Create Shortcut to Run a PS1 PowerShell File in Windows 10

PowerShell is an advanced form of command prompt. It is extended with a huge set of ready-to-use cmdlets and comes with the ability to use .NET framework/C# in various scenarios. When you double-click on a *.ps1 script file, it opens in Notepad or other app associated with this file type. Sometimes it can be very useful to create a shortcut to run your PS1 script file directly.


By default, Windows comes with a context menu command 'Run with PowerShell', which is available for PS1 files. However, if your script has no user input and doesn't include a pause at the end, the PowerShell output will disappear quickly. Another issue is the default execution policy which may prevent your script from being started from the context menu. By following the instructions below, you will be able to create a shortcut for your PS1 file and simply run it by double-clicking on the shortcut. This is very convenient and time saving.

In this article, I will use the following PS1 file as an example:

Windows 10 PowerShell File Contents

To create a shortcut for a PS1 PowerShell file in Windows 10, do the following.

  1. Copy the full path to your PS1 script file.
  2. Right click the empty space on your Desktop. Select New - Shortcut from the context menu (see the screenshot).
  3. In the shortcut target box, type the following:
    powershell.exe -noexit -ExecutionPolicy Bypass -File
  4. Now, paste the path to your script file. You will get something like this:
    powershell.exe -noexit -ExecutionPolicy Bypass -File c:\data\winaero\winaero.ps1

    Windows 10 Create PowerShell Script Shortcut

  5. Give your shortcut some meaningful name. You can use any name you want. Click on the Finish button when done.
    Any Name Shortcut Windows 10

You are done. Double-click on the shortcut to run your script.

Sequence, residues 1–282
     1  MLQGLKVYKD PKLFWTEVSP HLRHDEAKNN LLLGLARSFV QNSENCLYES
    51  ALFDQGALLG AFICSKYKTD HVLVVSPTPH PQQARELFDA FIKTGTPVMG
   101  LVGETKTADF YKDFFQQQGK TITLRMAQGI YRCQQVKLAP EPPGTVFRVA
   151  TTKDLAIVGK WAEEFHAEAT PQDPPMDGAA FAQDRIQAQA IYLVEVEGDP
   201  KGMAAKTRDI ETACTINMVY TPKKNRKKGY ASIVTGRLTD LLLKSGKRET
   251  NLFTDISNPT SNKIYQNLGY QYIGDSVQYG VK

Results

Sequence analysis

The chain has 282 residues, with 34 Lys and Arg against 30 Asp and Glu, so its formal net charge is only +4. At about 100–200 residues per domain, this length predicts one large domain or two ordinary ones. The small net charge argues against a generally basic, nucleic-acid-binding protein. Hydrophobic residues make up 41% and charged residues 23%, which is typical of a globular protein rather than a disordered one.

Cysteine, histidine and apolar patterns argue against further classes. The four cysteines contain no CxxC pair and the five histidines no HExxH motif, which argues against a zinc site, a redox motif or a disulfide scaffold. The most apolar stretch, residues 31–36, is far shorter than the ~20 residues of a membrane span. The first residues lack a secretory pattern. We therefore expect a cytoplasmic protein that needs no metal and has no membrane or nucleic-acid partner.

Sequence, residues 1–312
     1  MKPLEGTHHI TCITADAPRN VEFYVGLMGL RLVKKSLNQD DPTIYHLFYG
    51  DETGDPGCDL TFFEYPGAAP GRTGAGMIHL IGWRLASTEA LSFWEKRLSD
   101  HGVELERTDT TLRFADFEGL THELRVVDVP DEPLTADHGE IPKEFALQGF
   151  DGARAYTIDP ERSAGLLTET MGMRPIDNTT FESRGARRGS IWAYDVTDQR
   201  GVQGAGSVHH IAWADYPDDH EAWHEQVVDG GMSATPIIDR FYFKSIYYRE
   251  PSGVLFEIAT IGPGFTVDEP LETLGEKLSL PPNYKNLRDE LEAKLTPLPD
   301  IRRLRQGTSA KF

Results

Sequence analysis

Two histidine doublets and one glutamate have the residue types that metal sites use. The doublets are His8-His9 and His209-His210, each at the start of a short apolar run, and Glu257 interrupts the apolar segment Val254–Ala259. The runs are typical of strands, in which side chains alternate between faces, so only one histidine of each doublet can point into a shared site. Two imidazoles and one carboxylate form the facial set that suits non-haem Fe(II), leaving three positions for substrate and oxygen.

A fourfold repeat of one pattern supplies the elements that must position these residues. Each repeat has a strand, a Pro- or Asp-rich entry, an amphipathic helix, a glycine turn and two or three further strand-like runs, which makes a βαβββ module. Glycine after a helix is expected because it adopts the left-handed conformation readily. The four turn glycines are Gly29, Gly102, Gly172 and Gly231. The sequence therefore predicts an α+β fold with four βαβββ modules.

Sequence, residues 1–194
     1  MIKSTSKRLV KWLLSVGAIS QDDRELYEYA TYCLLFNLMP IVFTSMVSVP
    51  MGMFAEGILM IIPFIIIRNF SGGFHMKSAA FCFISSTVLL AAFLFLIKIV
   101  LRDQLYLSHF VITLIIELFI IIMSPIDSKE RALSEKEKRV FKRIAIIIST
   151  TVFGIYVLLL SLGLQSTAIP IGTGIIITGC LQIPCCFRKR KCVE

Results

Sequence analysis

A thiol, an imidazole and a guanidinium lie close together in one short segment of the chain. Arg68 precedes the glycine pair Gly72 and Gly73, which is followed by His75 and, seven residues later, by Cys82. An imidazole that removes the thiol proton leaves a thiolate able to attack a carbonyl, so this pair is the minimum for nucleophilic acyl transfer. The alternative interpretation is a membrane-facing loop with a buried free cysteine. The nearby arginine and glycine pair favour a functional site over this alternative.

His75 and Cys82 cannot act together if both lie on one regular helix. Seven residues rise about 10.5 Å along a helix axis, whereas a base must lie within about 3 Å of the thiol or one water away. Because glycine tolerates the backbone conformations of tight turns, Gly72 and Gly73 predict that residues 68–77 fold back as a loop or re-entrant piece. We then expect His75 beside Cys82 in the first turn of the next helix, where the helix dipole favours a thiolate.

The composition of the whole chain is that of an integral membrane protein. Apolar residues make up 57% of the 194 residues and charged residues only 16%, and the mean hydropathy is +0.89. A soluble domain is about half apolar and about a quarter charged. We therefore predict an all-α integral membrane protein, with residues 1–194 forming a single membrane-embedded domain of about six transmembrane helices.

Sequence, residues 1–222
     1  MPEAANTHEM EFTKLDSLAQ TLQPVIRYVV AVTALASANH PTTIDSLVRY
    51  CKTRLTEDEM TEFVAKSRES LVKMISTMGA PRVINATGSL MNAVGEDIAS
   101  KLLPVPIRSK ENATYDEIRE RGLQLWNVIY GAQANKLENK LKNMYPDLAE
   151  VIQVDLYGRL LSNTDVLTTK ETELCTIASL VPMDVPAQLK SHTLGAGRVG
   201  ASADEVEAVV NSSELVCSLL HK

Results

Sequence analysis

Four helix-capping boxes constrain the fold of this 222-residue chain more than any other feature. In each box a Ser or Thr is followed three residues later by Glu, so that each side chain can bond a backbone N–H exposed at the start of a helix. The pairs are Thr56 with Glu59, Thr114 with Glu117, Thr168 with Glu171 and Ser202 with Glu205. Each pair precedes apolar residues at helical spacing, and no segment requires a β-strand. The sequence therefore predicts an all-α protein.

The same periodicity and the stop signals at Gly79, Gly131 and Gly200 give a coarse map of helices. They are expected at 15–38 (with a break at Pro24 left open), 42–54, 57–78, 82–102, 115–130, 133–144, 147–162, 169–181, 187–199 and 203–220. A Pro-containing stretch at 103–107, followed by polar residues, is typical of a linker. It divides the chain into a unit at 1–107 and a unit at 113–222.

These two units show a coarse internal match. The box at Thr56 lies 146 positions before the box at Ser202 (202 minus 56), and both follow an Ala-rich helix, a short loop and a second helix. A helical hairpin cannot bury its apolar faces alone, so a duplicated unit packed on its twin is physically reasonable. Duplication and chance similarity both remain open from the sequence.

Windows 10 PowerShell Script Shortcut In Action

Now, you can move this shortcut to any convenient location, pin it to taskbar or to Start, add to All apps or add to Quick Launch (see how to enable Quick Launch). You can also assign a global hotkey to your shortcut.

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Author: Sergey Tkachenko

Sergey Tkachenko is a software developer who started Winaero back in 2011. On this blog, Sergey is writing about everything connected to Microsoft, Windows and popular software. Follow him on Telegram, Twitter, and YouTube.

10 thoughts on “Create Shortcut to Run a PS1 PowerShell File in Windows 10”

  1. This is the only way I can tile shortcut scripts with the run as administrator option selected – thankyou.
    However, it seems that using this method but then right clicking the tile, and selecting any of the ‘Tasks’ option is unsuccesfull and hangs the process, also leaving the shortcut file in use and unable to be deleted etc.

  2. This was exactly what I was looking for. Thank you! (It is amazing how many google hits suggest things that don’t work)

  3. Hello,
    I have a funny question, if you want to move the ps1 file location, do you have a way to inform the shortcup like $MyInvocation command?

  4. Thank you so much for your article. It’s a life saver. Dell didn’t provide my monitor with a shortcut for the screen orientation, but an annoying procedure through the OSD menu or the Win 10 Video Settings.

  5. Excelent info dude, it was very helpfull for me, and it is very fine explained.
    Thank you very much!!!

  6. Thanks for this…it works for me, but after my .ps1 script runs, the PowerShell window remains open, forcing the user to close it. Is there a way to get the PowerShell to exit after the script is run? Or did I do something wrong?

    1. the -noexit flag is what is keeping the window open.
      In the example given it keeps the window open to view the output.
      If you don’t need to see any output including error messages then you can remove the -noexit option and the window will close when it is done execution.

  7. Is it possible to edit the options when you right-click the shortcut? Because I don’t want anyone to mess around with Powershell or ISE.

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